Temperature drives asymmetric competition between alien and indigenous freshwater snails (Physa acuta vs. Physa fontinalis) [post]

Denise Früh, Peter Haase, Stefan Stoll
2015 unpublished
Biological invasion represent one of the major threats to global biodiversity as alien species often displace indigenous species. However, knowledge of the mechanisms behind such displacements and the driving factors of the competitive superiority of the alien species still remain rare. In our study we combined analysis of field data and laboratory experiments examining species interactions, to investigate the impact of temperature in the case of the alien freshwater snail Physa acuta that is
more » ... ysa acuta that is held responsible for the decline of indigenous snail Physa fontinalis in Europe. From field data, we identified higher temperature as the most important difference between sites populated by alien P. acuta and those where indigenous P. fontinalis occurred. Results of the species interaction experiment conducted at 15, 20, and 25°C confirmed the hypothesis that the competitive superiority of P. acuta over P. fontinalis increases at warmer temperatures. In single species treatments, increasing temperature stimulated both species to grow faster and reach greater shell heights. Coexistence treatments revealed an asymmetric competitive interaction between the two snail species. In both species, the density of conspecifics did not affect snail growth; however, density of heterospecifics affected the growth. At 15°C, the presence of heterospecifics stimulated the growth of both species, while at higher temperatures the presence of heterospecifics stimulated the growth in P. acuta, but inhibited in P. fontinalis. Our study shows that temperature can be a powerful driver of the outcomes of alien and indigenous species' competition by driving asymmetric interaction. Further our results point up that the environmental context cannot be disregarded when investigating the interaction between alien and indigenous species, and predict alien species success and impact.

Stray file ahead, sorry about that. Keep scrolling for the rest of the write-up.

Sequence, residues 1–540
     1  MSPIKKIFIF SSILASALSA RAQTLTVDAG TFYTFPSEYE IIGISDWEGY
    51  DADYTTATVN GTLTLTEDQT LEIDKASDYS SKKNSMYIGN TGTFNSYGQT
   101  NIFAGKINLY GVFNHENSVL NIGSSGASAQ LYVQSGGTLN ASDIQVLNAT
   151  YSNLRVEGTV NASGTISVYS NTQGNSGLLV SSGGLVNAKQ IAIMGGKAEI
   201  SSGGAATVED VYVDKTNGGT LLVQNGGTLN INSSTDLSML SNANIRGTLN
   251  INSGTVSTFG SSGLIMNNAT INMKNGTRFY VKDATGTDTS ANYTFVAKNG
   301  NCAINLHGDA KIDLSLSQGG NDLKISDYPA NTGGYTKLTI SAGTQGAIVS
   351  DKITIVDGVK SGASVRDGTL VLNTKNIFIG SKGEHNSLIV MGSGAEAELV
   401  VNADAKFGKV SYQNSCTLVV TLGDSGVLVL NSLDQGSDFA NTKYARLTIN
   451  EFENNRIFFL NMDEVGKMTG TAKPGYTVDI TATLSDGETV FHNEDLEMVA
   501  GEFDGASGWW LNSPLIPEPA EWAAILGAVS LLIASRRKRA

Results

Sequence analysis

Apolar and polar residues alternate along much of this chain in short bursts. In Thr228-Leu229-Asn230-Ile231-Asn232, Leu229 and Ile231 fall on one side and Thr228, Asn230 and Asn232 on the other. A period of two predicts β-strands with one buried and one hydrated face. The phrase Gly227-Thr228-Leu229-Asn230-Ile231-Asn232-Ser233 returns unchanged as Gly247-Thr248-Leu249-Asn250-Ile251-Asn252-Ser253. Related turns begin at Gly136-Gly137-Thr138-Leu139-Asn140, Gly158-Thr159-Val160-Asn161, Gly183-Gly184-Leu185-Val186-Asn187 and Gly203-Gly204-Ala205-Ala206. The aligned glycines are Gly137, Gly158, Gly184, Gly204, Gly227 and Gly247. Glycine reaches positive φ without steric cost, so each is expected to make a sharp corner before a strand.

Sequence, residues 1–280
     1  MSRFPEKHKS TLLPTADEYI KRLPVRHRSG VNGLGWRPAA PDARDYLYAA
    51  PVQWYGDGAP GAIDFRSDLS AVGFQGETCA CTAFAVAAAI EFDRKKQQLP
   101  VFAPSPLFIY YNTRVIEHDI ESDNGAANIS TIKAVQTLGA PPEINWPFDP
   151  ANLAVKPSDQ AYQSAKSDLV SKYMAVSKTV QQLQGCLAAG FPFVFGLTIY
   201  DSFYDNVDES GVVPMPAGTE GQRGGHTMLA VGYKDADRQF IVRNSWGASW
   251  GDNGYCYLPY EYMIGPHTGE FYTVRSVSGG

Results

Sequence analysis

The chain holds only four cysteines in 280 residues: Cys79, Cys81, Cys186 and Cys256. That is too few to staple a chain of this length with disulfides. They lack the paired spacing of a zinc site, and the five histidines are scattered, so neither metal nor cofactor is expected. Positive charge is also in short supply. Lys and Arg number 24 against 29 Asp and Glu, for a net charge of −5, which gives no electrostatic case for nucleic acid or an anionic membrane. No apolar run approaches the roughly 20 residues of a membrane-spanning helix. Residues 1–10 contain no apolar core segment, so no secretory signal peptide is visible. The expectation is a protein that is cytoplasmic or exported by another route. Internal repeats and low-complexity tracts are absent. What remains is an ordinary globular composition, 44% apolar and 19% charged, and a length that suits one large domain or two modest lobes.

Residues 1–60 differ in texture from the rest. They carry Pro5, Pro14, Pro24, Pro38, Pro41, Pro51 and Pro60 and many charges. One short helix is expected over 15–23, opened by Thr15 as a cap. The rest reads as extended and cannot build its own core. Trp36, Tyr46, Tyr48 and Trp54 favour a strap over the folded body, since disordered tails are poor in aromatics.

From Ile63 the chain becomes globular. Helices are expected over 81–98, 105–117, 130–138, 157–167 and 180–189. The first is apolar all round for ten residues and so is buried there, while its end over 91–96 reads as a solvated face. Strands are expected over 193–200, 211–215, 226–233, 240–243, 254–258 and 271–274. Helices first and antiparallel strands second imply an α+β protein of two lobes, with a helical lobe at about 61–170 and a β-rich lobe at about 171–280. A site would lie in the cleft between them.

doi:10.7287/peerj.preprints.997 fatcat:c3vbwb2wrzgt5ni2tzgj3qt6ye